Disrupting the voluntary benefits market

In Enhanced Benefits by Eric Silverman

When it comes to creating a new vision of voluntary benefits where the products play a central role in the lives of employees and the employers who offer them, Eric Silverman is practicing what he preaches. Just last month, the Maryland-based consultant changed the name of his company to reflect the prominence and perspective he’d like to see these benefits hold in the workplace.

Formerly Silverman Benefits Group, his boutique consulting firm is now known as Voluntary Disruption. The new name emphasizes Silverman’s commitment to reshaping the role of voluntary benefits — or as he calls them, “enhanced benefits” — in today’s marketplace.

Eric Silverman, Voluntary Disruption

Silverman discussed his view during his session, “Voluntary Disruption,” at April’s BenefitsPRO Broker Expo in San Diego. He started the presentation with three big-picture questions for advisers to consider:

  • What would their voluntary business look like if they changed just one-third of their business plan to better reflect today’s employee benefit environment?
  • Is their view of voluntary benefits simply following the status quo?
  • Are they taking the same approach to voluntary sales as they did many years ago?

“I would argue that the most influential disrupter to our industry must be the willingness of the broker community at large to adjust, adapt and embrace our ever-changing model,” Silverman said.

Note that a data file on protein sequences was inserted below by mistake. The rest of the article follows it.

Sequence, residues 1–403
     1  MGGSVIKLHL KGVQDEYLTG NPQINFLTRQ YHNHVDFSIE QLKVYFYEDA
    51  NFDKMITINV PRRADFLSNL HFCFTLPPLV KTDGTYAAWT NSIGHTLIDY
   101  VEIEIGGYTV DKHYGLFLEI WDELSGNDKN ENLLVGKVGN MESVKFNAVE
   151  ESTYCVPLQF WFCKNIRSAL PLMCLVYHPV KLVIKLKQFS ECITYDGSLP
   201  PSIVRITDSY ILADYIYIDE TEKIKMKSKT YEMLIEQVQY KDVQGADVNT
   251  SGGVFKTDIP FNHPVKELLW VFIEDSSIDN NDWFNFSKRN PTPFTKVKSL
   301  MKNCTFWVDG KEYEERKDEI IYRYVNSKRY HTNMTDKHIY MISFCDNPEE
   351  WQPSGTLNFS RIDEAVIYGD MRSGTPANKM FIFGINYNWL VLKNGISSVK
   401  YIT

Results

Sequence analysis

When Silverman first met adviser David Contorno, president and CEO of Lake Norman Benefits, based in Mooresville, North Carolina, his view of voluntary was similar to that of other advisers, Silverman recounted. Contorno didn’t hate the concept of voluntary products or dispute the value of and need for them, but he was not happy with the distribution channel.

“He hated the way the largest carriers market and distribute voluntary and have cold-callers calling businesses all across the country,” Silverman said. “It’s really the same sentiment every broker has.”

Brokers typically fall into four distinct voluntary categories, Silverman said:

  • Ignore the products unless a client asks about them;
  • Outsource sales to a single carrier;
  • Hire an in-house VP of voluntary or equivalent position;
  • Partner with a carrier-agnostic firm.

In order to move reluctant advisers and employer clients away from viewing voluntary benefits through the lens of “status-quo” products, Silverman noted word choice is paramount in discussing the benefits. “Terminology and verbiage matters,” he said.

For example, using words such as “voluntary,” “ancillary” and “supplemental” to describe the products puts them in a negative light by implying they’re outside of a main business function. In contrast, Silverman point out that the word “enhanced” is defined as “intensify, increase or further improve the quality, value or extent of.”

Long-term strategy 

Instead of a typical “product dump that leads to a commission grab” — and provides no real substance for employees — Silverman advised attendees to outline and develop a long-term enhanced benefits employer strategy.

In summary, he said, the strategy should consist of:

  • A mission to shop and analyze the market.
  • A goal to discover best-in-breed products and services.
  • A search for findings about the competitiveness of the market, including most-favored benefits by employers and employees.
  • A proposed solution that includes a strategy complementing the existing health plan design that avoids wasteful employer and/or employee overspending.
  • A plan of action for the next steps moving forward.